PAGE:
They conducted an in-depth analysis of the market, sales history, channels of distribution, competition, customer base, and growth opportunities. The profitability and cash flow generated by each product line was analysed, as was the need for product rationalization and investment in technology....After comparing the company's products with those of the competition and interviewing four of Allanson's customers, it was concluded that the company's products were competitive in terms of quality, cost and technology. In fact, Allanson dominated the Canadian market and had a significant share of the U.S. market....Analysis of the size and dynamics of the electric sign industry was based mainly on a detailed report contained in Woodgate's business plan. The report's findings indicated that the market for the company's electric sign products had stabilized and there was reasonable growth potential for Allanson. The statistics and premises of this report were confirmed by independent sources....Woodgate says his most important asset throughout the process was his team of consultants. "Perhaps the greatest test of their skills lies in the last five per cent [JCK: i.e. last_minute] of the due diligence process when important problems sometimes arise with the potential to kill the deal. The buyer, at this stage, has become emotionally committed to the deal and is in no position to assess danger in a balanced, thoughtful way.
buying_a_business  cash_flows  dispassion  due_diligence  emotional_commitment  emotional_connections  howto  last_minute  product_portfolios  product_profitability  RoyNat  unsentimental 
november 2011 by jerryking
Excerpt: Buy-In: Saving Your Good Idea from Getting Shot Down
October 8, 2010 | BusinessWeek | In an edited excerpt from
their new book, John Kotter and Lorne Whitehead introduce a
counterintuitive approach to turning skeptics into advocates for your
new idea, plan, or proposal....The true buying-in of a new idea is about
winning over hearts and minds--it is an emotional commitment. The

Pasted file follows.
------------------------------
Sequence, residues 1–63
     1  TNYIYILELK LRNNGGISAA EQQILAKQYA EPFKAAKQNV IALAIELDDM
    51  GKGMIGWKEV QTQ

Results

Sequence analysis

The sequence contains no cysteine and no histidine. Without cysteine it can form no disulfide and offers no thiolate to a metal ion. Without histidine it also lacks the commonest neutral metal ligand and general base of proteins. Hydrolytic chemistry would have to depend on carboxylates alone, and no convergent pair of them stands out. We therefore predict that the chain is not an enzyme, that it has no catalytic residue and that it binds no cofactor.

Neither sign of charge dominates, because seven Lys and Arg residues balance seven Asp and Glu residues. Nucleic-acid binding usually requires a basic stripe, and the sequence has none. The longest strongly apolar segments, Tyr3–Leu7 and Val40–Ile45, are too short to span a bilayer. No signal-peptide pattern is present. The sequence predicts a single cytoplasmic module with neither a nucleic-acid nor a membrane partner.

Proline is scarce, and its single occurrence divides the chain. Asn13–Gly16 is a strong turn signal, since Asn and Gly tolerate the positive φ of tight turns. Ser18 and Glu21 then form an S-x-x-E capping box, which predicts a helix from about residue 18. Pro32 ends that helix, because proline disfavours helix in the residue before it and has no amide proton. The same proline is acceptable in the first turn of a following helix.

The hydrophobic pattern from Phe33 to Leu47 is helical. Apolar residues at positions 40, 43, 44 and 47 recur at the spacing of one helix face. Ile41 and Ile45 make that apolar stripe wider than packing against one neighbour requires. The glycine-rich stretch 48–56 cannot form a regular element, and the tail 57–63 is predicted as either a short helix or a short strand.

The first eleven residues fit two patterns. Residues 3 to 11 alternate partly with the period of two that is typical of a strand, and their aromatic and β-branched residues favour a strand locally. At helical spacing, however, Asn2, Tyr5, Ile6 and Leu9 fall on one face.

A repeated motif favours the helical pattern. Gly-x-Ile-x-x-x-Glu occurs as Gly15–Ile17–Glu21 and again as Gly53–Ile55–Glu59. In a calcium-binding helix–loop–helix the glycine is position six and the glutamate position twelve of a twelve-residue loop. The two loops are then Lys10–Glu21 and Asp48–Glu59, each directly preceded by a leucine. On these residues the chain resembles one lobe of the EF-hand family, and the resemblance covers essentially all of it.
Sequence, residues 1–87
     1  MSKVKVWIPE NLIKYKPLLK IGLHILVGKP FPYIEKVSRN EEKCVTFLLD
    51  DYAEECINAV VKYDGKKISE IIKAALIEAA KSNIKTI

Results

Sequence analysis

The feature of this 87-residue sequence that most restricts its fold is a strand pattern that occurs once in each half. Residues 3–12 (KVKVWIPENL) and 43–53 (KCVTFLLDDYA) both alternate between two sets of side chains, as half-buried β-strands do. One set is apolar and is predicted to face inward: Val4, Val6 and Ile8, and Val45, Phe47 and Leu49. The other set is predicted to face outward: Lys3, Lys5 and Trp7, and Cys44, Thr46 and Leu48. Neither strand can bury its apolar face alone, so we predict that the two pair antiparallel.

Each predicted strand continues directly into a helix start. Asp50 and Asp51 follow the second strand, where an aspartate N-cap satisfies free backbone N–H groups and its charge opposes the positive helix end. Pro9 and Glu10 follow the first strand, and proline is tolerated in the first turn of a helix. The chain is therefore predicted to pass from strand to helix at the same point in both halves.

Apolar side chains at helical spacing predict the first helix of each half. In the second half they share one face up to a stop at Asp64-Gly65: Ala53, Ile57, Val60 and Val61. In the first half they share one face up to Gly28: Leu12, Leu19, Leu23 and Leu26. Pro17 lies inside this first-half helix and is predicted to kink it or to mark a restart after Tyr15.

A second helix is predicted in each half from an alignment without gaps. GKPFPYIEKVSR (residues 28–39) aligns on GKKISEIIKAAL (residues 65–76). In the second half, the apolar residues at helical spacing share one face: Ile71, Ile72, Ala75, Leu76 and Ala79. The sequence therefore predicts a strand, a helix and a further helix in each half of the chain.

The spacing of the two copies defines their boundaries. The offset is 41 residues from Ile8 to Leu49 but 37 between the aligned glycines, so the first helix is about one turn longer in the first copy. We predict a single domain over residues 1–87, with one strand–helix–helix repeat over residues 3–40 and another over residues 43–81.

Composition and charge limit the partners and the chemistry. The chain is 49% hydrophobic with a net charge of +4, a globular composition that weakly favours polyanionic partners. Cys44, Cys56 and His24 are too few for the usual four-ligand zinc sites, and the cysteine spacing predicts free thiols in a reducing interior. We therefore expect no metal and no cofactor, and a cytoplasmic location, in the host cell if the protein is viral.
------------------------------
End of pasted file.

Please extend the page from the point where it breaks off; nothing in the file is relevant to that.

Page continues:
single biggest challenge faced when obtaining buy-in for a good idea is
getting people's attention. Don't try to overcome attacks with tons of
data or logic. Instead, do what might seem to be the opposite. Keep
responses short and above all, RESPECTFUL. Goal is to "win" the thoughts
and feelings of the majority, not the 1 or 2 critics so watch the crowd
very carefully. Don't try to wing it, even if you know all the facts
thoroughly, even if the idea seems bulletproof, and even if you expect a
friendly audience. Preparation can significantly build confidence and
reduce anxiety.
resistance  obstacles  excerpts  HBS  persuasion  John_Kotter  howto  ideas  books  Communicating_&_Connecting  pitches  life_skills  Managing_Your_Career  attention  attention_spans  preparation  emotional_commitment  self-confidence  buy-in  counterintuitive  skeptics  the_single_most_important 
march 2011 by jerryking
Understanding change in a business
The Globe and Mail. Seventy per cent of big changes in a company fail; John Kotter explains why

The Kotter model

In the 90s Harvard-professor John P. Kotter had been observing this process for almost 30 years. In his book Leading Change he argues that to make big changes significantly and effectively, there are generally eight basic things that must happen:

INSTILL A SENSE OF URGENCY. Identifying existing or potential crises or opportunities. Confronting reality, in the words of Execution-authors, Charan and Bossidy.